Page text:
Samsung sued in Australia over misleading water resistance marketing

Most smartphone users probably presume that their phones are water resistant to some degree. After all, it has become a common feature on most but not all smartphones. However, not all water resistance ratings are created equal and even then there are important caveats to those figures. It's hard enough for regular consumers to remember such things but according to Australia's consumer watchdog Samsung isn't helping at all. In fact, it has accused it of false claims that eventually lead to headache and heartaches for unsuspecting customers.

Almost all of Samsung's high-end flagship boast of high IP or Ingress Protection numbers. Its most recent models even boast of the highest IP68 rating given to any non-rugged smartphone. But while it might survive a quick accidental dive in the sink or a splash of rain, it's not completely impervious to any and all liquids.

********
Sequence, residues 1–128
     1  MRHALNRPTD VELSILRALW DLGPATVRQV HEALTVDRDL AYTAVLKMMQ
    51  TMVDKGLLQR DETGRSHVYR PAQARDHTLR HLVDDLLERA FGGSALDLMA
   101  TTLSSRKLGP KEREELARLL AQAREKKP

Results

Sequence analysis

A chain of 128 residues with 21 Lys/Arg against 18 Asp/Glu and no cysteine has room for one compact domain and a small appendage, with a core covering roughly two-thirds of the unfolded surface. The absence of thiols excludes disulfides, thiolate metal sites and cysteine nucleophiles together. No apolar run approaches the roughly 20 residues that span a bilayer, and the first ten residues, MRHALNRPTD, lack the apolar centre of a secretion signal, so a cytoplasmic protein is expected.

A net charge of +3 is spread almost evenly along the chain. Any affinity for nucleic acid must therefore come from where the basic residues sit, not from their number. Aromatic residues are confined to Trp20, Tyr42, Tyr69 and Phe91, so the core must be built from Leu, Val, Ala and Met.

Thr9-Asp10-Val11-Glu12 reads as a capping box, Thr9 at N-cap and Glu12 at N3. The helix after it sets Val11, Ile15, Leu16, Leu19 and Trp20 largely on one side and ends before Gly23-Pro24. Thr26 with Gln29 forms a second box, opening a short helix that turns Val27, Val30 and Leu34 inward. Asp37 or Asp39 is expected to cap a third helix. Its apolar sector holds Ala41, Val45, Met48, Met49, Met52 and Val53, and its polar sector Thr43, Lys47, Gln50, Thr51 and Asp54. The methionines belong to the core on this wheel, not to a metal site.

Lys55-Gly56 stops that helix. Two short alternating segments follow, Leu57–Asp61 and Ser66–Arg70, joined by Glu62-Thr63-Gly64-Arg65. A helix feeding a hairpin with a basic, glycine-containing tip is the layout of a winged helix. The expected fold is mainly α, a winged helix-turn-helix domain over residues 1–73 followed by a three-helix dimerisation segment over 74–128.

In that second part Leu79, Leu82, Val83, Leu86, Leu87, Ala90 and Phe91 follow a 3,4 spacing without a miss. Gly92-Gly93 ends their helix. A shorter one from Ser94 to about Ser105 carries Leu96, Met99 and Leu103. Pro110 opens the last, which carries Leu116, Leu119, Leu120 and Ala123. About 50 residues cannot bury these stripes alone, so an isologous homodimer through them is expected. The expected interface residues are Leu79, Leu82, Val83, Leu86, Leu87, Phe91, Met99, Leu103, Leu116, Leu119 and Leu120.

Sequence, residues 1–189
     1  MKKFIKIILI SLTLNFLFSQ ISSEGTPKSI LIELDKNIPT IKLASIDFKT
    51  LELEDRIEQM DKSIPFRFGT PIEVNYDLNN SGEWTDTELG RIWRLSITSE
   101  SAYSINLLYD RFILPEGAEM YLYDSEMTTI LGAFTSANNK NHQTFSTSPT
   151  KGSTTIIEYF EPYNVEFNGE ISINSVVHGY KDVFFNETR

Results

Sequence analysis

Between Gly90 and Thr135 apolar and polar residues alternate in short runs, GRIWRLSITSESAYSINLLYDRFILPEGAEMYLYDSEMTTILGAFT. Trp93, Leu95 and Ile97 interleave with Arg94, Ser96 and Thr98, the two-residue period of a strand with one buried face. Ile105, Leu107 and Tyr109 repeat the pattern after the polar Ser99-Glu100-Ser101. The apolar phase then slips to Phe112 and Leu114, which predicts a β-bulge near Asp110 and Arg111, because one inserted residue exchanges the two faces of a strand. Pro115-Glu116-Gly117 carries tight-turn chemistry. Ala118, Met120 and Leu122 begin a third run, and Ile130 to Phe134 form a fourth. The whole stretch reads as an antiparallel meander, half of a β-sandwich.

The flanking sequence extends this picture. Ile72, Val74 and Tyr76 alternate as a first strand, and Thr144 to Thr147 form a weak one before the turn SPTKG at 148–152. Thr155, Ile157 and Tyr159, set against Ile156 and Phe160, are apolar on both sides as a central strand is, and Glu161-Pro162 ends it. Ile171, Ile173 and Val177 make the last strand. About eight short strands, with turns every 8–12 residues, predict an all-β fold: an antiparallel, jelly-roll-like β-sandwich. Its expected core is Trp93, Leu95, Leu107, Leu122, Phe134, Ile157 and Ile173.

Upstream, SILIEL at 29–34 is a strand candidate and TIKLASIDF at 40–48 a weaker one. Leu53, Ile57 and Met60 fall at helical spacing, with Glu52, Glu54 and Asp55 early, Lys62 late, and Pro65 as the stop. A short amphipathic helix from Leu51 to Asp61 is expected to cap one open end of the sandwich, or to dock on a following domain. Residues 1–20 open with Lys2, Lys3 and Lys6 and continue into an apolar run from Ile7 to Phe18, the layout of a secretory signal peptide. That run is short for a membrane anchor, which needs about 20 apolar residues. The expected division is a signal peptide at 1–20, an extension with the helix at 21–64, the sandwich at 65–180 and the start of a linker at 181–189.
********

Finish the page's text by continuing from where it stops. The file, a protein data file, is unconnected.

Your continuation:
Even with an IP68 rating, a product is only water resistant and not waterproof. It can't last too long and too deep in water. Most importantly, the IP ratings only account for fresh water and don't cover salt water and water with chemicals, like those in swimming pools.

The Australian Competition and Consumer Commission (ACCC), however, points out that Samsung's marketing and advertisement for its water-resistant smartphones don't make that distinction. It has collected images that show people using their phones underwater in swimming pools and beaches, the exact things IP ratings don't cover.

The ACCC also alleges that Samsung won't back down on those misleading ads but, at the same time, refuses to repair in-warranty devices with water damage from those situations. The company reportedly points to footnotes in its web pages that say the phones are not advised for use near those kinds of water. Given how ads are more visible than warnings in small fonts, it wouldn't be surprising if people weren't aware of those caveats.